Officials at Ameren took questions from shareholders about the utility company's procedures for disposing of coal ash today.
The annual shareholder's meeting was open to all Ameren investors.
Diana Oleskevich works for the Sisters of St. Joseph of Carondelet. The sisters are part of a group of five institutional investors calling on Ameren to clean up their coal ash disposal procedures.
Oleskevich says Ameren's claim that its 35 coal ash storage ponds comply with current regulations does not satisfy her concerns.
"The truth is there are hardly any environmental regulations to comply with," Oleskevich said. "Coal ash disposal isn't regulated by the federal government, yet. And state regulation of ash ponds is minimal."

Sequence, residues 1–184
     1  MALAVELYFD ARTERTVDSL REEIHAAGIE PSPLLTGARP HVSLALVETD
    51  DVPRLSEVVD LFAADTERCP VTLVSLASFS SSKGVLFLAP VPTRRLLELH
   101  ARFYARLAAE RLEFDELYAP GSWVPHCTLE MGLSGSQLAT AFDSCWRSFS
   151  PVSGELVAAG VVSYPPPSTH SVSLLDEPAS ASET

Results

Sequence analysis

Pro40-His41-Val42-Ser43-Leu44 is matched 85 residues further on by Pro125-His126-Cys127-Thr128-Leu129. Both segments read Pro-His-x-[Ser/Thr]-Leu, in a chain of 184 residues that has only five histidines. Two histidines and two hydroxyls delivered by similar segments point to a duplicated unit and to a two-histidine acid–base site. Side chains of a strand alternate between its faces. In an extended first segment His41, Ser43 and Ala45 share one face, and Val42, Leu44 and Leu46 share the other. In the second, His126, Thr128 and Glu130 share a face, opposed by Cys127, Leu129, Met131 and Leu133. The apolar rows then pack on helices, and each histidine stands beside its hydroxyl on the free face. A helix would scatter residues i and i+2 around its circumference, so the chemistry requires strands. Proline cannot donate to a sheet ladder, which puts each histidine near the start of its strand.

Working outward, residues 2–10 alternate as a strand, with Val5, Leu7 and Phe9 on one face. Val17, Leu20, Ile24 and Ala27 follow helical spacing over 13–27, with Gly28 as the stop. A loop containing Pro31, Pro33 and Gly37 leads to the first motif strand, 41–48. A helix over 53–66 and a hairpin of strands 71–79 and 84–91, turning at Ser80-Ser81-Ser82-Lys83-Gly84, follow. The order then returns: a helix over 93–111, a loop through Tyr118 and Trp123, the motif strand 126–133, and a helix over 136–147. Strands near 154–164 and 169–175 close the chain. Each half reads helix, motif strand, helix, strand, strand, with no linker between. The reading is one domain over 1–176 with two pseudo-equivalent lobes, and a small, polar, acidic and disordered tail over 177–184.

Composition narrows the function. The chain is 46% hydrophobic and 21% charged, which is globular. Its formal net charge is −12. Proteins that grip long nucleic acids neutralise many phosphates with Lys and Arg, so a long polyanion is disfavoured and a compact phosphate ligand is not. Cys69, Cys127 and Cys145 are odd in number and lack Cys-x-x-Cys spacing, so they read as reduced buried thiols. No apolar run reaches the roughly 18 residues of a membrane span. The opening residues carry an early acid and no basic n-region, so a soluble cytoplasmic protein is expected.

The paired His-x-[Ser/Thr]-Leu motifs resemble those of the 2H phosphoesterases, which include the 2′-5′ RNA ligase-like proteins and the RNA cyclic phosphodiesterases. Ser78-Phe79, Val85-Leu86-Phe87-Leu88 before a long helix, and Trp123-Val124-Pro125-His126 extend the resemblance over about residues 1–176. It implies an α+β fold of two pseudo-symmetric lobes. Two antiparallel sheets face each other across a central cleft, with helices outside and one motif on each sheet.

Coal Ash is a byproduct of coal-fired power plants and is typically stored in water in coal ash ponds. Ameren has 35 coal ash ponds, 19 of which are unlined.
Still, Ameren CEO Tom Voss says the companies coal ash facilities are in compliance.
"The board believes that it is not necessary, prudent or cost effective to prepare the report requested by the proposal, " Voss said. "That is especially true given that Ameren subsidiaries have safely managed coal combustion byproducts at its facilities for decades."
Ameren has been criticized by environmental groups for its plan to locate a coal ash landfill next to its Labadie plant, which is the flood plain of the Missouri River.
The EPA is currently considering tougher regulation of coal ash, and, in 2008, a coal ash spill in eastern Tennessee was considered to be among the worst environmental disasters in the country's history.